Question: What’s SABMiller, home-grown South African brand giant which owns local beer brand Castle as well as global brands such as Peroni and Miller, going to do when Budweiser, official World Cup sponsor, steps on their South African turf during the World Cup?
I’ve pondered this before and just recently found an article addressing my question. The 7/30/09 article, found on the South African market intelligence group www.know.co.za website, and originally sourced through the Sunday Times, discusses this topic.
SAB Miller and Anheuser-Busch InBev (owner of Budweiser) have had a fairly public battle for supremacy over the last few years, recently battling it out in 2004 over ownership of Harbin Brewery in China.
But now that Budweiser is an official World Cup sponsor on SABMiller’s turf, the battle gets a bit personal. FIFA sponsorship rules dictate that Budweiser, as an official sponsor, has sole distribution rights on all FIFA grounds – including stadiums, fan zones, etc. This means you won’t find any other beer at the stadiums – pity, in my opinion.
You might be thinking, that’s a lot of beer to be drunk and a lot of opportunity lost for SABMiller, but here’s SAB’s response:
Ally Hewitt, marketing manager for sponsorships at SAB, said the Castle (my note: local and very popular South African beer) campaign will revolve around Bafana Bafana’s journey to 2010 and beyond. SAB, along with Absa, is a sponsor of the national soccer team.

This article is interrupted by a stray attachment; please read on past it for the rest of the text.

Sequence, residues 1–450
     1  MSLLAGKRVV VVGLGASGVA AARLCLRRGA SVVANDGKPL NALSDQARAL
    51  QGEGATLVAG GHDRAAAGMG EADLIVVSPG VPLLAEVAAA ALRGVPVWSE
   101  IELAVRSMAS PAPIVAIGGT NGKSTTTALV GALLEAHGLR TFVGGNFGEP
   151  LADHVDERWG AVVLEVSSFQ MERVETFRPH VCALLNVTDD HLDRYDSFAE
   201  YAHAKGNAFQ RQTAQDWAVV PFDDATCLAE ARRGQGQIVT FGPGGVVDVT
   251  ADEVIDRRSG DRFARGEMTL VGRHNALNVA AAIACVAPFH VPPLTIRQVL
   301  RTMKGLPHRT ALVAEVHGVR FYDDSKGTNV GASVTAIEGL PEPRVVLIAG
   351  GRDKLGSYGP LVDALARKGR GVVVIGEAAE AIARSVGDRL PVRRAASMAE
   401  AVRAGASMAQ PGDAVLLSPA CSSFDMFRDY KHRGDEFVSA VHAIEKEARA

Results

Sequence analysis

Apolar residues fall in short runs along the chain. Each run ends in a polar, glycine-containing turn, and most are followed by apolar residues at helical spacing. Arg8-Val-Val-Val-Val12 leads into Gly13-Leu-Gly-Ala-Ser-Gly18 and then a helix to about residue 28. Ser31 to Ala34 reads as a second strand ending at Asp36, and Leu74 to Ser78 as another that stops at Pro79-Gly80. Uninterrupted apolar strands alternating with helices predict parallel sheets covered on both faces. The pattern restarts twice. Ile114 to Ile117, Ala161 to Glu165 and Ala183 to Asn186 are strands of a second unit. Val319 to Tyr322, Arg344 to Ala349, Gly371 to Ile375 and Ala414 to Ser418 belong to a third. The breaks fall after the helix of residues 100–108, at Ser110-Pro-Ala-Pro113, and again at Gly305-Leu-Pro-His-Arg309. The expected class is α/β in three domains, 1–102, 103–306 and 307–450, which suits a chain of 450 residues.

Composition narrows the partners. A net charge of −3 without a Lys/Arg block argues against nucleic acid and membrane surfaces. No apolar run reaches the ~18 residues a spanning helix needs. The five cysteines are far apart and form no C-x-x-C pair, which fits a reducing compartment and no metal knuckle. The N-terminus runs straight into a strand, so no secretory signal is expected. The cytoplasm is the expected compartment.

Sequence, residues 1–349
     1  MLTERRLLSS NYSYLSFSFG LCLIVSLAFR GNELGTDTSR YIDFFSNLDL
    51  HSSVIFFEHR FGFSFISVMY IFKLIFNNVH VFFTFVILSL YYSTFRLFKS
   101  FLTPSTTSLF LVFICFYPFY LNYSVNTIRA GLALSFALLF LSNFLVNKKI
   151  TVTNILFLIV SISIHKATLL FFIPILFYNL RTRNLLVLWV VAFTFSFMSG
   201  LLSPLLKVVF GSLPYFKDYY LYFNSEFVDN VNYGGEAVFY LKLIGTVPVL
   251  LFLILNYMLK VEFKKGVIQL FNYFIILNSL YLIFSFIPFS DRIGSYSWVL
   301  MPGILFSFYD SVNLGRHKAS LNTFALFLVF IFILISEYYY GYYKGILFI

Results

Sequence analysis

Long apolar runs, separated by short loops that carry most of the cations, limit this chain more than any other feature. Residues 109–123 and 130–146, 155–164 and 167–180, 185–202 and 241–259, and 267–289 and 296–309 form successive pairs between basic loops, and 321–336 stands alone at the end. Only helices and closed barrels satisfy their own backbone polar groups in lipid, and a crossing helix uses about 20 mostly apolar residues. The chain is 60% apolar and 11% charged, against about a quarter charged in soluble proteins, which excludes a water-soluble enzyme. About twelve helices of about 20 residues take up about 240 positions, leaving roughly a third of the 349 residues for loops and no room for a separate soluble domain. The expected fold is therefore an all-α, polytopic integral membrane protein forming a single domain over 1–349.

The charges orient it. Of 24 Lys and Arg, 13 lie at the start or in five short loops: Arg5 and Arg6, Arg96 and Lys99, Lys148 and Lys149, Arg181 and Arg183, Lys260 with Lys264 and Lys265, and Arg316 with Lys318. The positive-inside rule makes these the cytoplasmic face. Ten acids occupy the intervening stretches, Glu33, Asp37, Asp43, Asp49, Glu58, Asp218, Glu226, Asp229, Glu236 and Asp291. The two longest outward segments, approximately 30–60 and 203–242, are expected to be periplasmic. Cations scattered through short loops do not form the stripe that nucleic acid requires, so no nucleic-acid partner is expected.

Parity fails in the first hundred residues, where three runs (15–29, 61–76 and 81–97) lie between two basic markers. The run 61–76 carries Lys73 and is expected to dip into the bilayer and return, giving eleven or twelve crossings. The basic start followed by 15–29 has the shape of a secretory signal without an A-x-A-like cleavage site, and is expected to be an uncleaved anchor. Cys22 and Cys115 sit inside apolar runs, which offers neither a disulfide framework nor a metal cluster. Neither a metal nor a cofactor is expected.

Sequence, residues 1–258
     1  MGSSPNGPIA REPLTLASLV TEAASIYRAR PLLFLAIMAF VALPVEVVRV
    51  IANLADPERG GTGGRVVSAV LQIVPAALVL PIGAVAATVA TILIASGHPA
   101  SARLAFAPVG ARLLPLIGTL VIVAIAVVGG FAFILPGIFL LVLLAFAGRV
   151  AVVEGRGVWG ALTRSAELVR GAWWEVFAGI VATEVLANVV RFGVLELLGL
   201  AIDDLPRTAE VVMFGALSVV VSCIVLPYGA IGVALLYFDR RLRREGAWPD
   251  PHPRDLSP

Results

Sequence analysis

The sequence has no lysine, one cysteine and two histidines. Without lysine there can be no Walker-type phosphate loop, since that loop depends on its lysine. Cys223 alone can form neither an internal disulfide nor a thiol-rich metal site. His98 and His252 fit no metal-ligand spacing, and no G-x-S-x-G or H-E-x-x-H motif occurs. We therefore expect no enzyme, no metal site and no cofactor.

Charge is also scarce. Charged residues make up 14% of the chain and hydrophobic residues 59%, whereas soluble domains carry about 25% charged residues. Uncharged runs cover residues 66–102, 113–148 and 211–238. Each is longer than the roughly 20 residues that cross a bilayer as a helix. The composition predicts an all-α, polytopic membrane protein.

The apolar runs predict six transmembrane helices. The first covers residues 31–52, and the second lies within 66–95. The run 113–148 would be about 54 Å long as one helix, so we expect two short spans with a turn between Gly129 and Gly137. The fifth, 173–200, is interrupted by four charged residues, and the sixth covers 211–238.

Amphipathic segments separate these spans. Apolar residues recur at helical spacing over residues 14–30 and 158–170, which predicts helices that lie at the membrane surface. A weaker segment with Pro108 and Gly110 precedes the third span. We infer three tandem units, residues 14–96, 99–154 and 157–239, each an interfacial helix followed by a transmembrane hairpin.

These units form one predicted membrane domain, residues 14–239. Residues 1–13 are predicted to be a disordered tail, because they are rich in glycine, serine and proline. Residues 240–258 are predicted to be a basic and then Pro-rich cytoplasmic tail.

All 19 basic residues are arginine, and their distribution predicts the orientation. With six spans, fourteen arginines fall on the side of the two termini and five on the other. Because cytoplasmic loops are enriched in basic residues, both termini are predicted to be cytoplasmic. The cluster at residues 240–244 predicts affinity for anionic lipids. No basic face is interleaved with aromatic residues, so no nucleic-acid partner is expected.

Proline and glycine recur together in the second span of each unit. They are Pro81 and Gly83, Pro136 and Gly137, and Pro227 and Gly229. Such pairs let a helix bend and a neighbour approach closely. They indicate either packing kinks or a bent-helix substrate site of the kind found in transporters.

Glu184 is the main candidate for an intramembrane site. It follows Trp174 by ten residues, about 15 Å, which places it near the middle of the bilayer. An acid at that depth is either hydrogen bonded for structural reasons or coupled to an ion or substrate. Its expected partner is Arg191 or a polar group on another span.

SAB is spending “tens of millions of rand” extra on sponsorship to leverage the core properties with which Castle is associated — soccer, cricket and rugby — because of the World Cup. The group spends about R120-million a year on sport sponsorship. A new series of ads will kick off in October.
In the nine host cities, 10 stadiums and 18 fan zones, Budweiser will dominate. SAB will ensure that in the rest of the country “Castle takes pride of place”, said Hewitt.
So it appears that SABMiller, by choice or not, are going to concede the FIFA zones, but will plan to dominate the township bar, the people watching games at home, and everywhere else. Not a bad strategy I think.
And I think potentially a wasted opportunity for Budweiser. If they believe that sponsorship of the games and Fanzones alone will win them market share, in a market where they already have low brand awareness, they better think twice. I imagine South Africans and international visitors will be peeved that they only have access to Budweiser, and will seek out other options the 16-18 hrs of a day they are NOT in a FIFA zone.
If Budweiser really wants to gain ground in South Africa, they better make an effort to extend a hand to the country. Through CSR initiatives, community efforts, heavy advertising, etc – whatever it is, stadium sponsorships and pure market saturation (if the market are the FIFA zones) alone, I’m convinced, are not going to get Castle drinkers to switch labels. What do you think?
CORRECTION: Thanks to reader Bart, I have made the correction that Anheuser-Busch is actually now known as Anheuser-Busch InBev.